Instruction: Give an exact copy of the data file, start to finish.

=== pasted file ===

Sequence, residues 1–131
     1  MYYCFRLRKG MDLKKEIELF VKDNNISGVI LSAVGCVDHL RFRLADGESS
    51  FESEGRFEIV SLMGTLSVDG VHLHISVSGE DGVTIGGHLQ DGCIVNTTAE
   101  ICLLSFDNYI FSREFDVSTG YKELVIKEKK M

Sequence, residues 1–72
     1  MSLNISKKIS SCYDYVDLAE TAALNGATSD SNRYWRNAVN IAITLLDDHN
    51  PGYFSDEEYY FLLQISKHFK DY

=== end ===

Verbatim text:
Sequence, residues 1–131
     1  MYYCFRLRKG MDLKKEIELF VKDNNISGVI LSAVGCVDHL RFRLADGESS
    51  FESEGRFEIV SLMGTLSVDG VHLHISVSGE DGVTIGGHLQ DGCIVNTTAE
   101  ICLLSFDNYI FSREFDVSTG YKELVIKEKK M

Sequence, residues 1–72
     1  MSLNISKKIS SCYDYVDLAE TAALNGATSD SNRYWRNAVN IAITLLDDHN
    51  PGYFSDEEYY FLLQISKHFK DY